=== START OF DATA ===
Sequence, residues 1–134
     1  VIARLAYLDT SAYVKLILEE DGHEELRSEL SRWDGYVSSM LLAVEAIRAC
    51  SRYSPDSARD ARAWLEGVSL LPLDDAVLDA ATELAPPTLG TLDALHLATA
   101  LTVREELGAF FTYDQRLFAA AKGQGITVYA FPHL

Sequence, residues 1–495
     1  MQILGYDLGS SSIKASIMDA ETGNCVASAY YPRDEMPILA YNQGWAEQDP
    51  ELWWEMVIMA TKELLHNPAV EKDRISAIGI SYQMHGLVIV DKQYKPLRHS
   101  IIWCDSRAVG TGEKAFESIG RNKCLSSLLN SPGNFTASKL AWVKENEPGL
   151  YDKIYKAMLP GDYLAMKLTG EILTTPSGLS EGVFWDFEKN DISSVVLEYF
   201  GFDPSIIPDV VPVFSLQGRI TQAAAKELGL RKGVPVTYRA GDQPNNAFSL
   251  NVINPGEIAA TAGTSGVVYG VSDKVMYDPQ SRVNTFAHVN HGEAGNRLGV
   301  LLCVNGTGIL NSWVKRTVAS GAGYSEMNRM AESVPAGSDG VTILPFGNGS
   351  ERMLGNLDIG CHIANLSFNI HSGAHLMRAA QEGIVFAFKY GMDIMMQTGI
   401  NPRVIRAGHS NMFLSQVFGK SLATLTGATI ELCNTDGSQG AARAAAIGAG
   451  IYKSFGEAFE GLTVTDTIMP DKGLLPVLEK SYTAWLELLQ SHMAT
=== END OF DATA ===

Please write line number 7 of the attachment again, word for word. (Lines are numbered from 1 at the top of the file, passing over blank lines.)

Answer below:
    51  ELWWEMVIMA TKELLHNPAV EKDRISAIGI SYQMHGLVIV DKQYKPLRHS